AskDefine | Define cooperation

Dictionary Definition

cooperation

Noun

1 joint operation or action; "their cooperation with us was essential for the success of our mission" [ant: competition]
2 the practice of cooperating; "economic cooperation"; "they agreed on a policy of cooperation"

User Contributed Dictionary

English

Alternative spellings

Etymology

Originated 1620–30 from Middle French cooperation, from Late Latin cooperation.

Pronunciation

Noun

  1. The act of cooperating or being cooperative.
  2. Active help from a person, organization, et cetera.
  3. An orderly sharing of space or resources
  4. An association for mutual benefit, such as for purposes of production or purchase.
  5. An activity shared for mutual benefit.
  6. In the context of "ecology": A mutually beneficial interaction among organisms living in a limited area.
  7. In the context of "mechanical/software": Harmony in function

Translations

The act of cooperating or being cooperative
Active help from a person, organization, et cetera
  • Finnish: apu
An association for mutual benefit
  • Dutch: samenwerking
An activity shared for mutual benefit
A mutually beneficial interaction among organisms living in a limited area

References

pedialite cooperation
  • American Heritage 2000
  • Dictionary.com
  • WordNet 2003

Extensive Definition

Distinguish from Corporation.
Cooperation, co-operation, or coöperation is the process of working or acting together, which can be accomplished by both intentional and non-intentional agents. In its simplest form it involves things working in harmony, side by side, while in its more complicated forms, it can involve something as complex as the inner workings of a human being or even the social patterns of a nation. It is the alternative to working separately in competition. Cooperation can also be accomplished by computers, which can handle shared resources simultaneously, while sharing processor time.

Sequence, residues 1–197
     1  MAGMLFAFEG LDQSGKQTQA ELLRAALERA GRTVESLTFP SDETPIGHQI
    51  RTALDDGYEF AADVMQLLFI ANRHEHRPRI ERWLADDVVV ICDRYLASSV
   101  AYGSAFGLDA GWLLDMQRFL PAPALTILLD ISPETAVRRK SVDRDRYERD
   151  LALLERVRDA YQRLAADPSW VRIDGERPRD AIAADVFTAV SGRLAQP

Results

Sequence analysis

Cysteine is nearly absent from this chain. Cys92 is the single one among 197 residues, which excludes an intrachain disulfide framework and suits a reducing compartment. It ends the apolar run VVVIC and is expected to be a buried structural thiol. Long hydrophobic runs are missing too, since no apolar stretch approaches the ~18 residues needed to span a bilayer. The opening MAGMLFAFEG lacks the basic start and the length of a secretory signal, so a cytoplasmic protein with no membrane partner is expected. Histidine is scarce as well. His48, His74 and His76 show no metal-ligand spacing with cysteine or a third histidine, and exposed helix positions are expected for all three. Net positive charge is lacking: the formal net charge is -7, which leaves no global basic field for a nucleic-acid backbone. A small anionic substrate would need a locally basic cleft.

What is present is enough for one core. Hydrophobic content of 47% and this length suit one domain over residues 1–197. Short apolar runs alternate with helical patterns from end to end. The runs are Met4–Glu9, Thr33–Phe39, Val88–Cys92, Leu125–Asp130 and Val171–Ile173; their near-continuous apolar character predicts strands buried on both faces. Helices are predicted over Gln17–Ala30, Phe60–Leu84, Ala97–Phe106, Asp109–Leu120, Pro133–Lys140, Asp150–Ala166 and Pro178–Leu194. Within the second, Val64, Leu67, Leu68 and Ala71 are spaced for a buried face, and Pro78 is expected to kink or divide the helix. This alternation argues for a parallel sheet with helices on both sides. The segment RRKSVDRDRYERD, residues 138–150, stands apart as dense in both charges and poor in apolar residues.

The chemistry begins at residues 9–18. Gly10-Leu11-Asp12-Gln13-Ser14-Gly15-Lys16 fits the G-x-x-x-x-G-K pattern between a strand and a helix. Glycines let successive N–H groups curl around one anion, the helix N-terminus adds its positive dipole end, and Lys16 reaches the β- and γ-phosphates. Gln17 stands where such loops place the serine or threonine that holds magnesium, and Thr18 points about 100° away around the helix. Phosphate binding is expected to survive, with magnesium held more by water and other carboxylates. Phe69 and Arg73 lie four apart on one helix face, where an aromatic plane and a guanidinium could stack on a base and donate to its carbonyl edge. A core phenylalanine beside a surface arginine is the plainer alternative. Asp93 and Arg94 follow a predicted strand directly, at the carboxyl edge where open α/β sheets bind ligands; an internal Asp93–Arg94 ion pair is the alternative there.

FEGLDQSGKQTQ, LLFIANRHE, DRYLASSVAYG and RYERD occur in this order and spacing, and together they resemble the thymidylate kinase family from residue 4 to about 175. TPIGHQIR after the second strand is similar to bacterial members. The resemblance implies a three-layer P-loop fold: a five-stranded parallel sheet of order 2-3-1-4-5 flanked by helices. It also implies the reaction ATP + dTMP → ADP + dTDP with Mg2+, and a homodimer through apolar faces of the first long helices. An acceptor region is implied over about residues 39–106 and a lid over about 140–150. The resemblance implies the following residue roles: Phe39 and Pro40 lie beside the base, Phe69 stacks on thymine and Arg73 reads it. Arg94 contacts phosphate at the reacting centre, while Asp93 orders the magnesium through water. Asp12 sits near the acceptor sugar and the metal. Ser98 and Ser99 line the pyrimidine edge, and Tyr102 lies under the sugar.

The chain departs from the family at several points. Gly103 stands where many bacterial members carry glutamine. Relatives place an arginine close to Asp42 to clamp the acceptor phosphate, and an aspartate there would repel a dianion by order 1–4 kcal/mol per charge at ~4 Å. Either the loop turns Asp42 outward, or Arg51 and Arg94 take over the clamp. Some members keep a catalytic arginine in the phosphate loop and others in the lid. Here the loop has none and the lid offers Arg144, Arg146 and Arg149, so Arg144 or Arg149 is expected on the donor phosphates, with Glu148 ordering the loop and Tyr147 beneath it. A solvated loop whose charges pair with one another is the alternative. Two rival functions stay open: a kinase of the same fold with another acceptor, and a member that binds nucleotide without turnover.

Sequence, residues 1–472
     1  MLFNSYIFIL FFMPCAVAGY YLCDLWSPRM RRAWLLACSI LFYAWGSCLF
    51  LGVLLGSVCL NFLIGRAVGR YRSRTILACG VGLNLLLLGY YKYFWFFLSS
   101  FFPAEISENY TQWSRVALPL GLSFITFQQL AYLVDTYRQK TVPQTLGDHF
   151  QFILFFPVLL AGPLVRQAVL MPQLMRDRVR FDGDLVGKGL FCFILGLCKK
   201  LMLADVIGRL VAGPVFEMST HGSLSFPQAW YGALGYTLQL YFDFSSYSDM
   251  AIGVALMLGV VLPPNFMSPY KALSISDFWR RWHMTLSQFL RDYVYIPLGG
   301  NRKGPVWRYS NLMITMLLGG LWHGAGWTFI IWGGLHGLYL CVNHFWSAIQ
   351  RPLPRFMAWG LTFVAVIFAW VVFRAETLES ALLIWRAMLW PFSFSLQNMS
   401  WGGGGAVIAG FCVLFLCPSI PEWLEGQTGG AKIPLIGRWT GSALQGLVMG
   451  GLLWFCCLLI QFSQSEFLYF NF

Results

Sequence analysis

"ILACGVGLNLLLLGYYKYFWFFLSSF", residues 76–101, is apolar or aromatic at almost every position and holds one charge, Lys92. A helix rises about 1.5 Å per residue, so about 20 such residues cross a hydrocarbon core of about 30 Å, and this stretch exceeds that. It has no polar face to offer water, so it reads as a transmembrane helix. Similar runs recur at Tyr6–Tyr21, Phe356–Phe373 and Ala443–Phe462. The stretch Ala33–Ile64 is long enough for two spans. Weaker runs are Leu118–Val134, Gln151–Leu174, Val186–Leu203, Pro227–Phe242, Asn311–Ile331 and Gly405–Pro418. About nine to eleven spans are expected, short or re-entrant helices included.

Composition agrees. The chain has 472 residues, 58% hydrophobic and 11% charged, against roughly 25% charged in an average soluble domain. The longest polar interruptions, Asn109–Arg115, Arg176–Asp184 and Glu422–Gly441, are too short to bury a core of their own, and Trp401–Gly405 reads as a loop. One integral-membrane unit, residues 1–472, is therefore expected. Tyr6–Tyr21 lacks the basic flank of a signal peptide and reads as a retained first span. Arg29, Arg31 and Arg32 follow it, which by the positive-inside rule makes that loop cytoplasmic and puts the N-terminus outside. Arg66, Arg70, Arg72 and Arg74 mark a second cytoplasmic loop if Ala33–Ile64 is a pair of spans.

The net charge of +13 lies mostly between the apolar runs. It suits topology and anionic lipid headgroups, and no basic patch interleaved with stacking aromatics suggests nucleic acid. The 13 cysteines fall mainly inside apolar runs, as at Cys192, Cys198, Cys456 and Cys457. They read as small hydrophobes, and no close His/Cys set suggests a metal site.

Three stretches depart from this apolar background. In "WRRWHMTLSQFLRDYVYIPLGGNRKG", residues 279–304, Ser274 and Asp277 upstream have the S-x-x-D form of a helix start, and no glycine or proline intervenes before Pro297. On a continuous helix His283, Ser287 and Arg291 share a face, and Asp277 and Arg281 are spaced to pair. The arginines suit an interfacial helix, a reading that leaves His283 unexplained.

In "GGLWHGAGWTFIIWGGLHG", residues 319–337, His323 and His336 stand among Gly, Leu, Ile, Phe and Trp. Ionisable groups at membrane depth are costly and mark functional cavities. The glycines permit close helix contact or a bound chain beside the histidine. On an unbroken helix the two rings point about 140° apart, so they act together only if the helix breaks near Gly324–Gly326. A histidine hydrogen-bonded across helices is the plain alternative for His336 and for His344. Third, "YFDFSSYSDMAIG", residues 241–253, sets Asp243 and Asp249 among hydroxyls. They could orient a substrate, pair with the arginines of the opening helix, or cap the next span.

Cooperation, more formally speaking is how the components of a system work together to achieve the global properties. In other words, individual components that appear to be “selfish” and independent work together to create a highly complex, greater-than-the-sum-of-its-parts system. Examples can be found all around us. The components in a cell work together to keep it living. Cells work together and communicate to produce multicellular organisms. Organisms form food chains and ecosystems. People form families, gangs, cities and nations. Neurons create thought and consciousness. Atoms cooperate in a simple way, by combining to make up molecules. Understanding the mechanisms that create cooperating agents in a system is one of the most important and least well understood phenomena in nature, though there has not been a lack of effort.
However, cooperation may be coerced (forced), voluntary (freely chosen), or even unintentional, and consequently individuals and groups might cooperate even though they have almost nothing in common qua interests or goals. Examples of that can be found in market trade, military wars, families, workplaces, schools and prisons, and more generally any institution or organisation of which individuals are part (out of own choice, by law, or forced).

Cooperation vs. competition

While cooperation is the antithesis of competition, the need or desire to compete with others is a common impetus that motivates individuals to organize into a group and cooperate with each other in order to form a stronger competitive force.
Cooperation in many areas, such as farming and housing, may be in the form of a cooperative or, alternately, in the form of a conventional business.
Many people resort to this because, they may cooperate by trading with each other or by altruistic sharing.
Certain forms of cooperation are illegal in some jurisdictions because they alter the nature of access by others to economic or other resources. Thus, cooperation in the form of cartels or price-fixing may be illegal.